I did find that my mag had been pretty badly mistimed to the retarded side (15-20 degrees!), and retiming it did give the bike some extra punch, but don't expect it to change things dramatically.

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bmwmyplace
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R42 gearbox oil level

Hi Darryl....thanks for that.... perhaps you might help me with the oil level, I see the R52 has a filler plug and it appears to be below the bottomj of the out put saft.

Could I impose on you to estimate the bottom of the thread of your filler plug and sight across the output shat and give your best guess as to how far down below the shaft it is ....Or you could get a tape measure eatimate the oil level and measure up to the middle joint in the gear box cases... that would give me a pretty good reference.. Regards Peter

bmwmyplace
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R42 gearbox oil level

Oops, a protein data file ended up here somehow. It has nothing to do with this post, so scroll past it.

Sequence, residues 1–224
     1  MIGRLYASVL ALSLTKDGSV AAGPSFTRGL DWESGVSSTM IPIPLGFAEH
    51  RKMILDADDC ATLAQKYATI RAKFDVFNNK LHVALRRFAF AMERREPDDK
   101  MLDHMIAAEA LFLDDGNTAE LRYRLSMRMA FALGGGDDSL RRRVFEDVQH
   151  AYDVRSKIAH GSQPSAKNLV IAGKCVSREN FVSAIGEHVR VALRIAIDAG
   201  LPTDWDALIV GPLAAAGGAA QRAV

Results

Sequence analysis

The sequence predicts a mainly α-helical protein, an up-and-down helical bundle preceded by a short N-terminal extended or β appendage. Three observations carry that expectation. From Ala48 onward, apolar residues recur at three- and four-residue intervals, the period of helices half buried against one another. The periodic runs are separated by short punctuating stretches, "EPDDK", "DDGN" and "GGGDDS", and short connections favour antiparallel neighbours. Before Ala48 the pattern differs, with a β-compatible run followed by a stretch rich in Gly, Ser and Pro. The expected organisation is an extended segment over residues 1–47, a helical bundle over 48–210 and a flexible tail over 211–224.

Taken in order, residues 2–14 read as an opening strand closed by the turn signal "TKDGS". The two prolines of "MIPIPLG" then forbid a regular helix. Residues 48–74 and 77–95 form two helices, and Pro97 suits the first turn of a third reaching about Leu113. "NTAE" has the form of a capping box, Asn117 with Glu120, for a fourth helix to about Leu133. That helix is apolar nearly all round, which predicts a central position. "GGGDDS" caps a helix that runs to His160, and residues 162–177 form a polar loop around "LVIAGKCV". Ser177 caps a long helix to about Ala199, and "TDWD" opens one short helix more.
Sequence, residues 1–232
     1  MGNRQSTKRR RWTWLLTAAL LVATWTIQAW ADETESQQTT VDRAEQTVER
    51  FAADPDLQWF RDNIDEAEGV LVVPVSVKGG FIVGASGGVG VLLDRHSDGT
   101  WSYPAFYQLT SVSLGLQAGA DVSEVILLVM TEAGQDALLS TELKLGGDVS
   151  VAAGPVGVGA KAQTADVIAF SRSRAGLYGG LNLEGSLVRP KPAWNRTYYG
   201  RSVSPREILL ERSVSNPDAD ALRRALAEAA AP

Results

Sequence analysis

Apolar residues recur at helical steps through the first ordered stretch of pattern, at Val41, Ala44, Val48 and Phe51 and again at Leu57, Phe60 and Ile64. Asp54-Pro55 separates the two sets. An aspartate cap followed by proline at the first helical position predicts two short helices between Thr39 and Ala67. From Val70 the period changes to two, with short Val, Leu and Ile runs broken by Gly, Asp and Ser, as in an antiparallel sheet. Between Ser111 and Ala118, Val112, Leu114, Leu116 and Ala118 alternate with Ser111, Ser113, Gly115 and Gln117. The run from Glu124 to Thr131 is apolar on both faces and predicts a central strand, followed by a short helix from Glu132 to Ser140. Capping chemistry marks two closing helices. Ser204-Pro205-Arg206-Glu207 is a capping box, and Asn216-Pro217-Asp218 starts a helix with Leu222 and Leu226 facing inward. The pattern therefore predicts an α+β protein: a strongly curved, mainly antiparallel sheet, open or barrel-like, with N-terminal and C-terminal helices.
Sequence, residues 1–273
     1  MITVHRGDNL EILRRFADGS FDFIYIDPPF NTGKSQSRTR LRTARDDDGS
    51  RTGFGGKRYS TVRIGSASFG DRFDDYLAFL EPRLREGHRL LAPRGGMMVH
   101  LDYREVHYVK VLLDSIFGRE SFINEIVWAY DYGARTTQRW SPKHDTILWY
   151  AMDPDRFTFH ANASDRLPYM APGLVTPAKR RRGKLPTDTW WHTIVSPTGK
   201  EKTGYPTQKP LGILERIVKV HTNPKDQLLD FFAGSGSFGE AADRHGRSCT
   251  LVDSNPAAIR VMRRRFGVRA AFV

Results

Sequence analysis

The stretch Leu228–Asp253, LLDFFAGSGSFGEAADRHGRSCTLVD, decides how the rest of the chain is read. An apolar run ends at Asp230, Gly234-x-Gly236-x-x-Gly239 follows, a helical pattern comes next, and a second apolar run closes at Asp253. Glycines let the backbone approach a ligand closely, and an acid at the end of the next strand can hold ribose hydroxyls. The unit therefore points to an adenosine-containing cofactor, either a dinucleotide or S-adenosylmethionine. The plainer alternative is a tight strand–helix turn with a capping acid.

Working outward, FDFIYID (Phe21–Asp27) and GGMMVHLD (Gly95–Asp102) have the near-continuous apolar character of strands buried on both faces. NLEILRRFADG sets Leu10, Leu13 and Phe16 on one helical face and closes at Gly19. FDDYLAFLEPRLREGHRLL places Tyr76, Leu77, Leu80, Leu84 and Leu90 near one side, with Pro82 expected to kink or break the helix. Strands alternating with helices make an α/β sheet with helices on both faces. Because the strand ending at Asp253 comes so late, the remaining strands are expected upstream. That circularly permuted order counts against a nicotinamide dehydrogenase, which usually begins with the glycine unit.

Hey Darryl , yes well im a bit slower than most :oops: just realized that all I need is for you to tell me the oil capacity for the gear box from one of your books , Ill suck out all the old stuff and the measure the new stuff in ....Derrr REgards peter

Darryl.Richman
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R42 gearbox oil level

Unfortunately, my multi-generational photocopy of the owner's manual doesn't list a gearbox fill volume. However, it looks like the bottom of the threads of the fill hole are about 30-32mm below the centerline of the output flange. I hope this helps you, Peter!

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bmwmyplace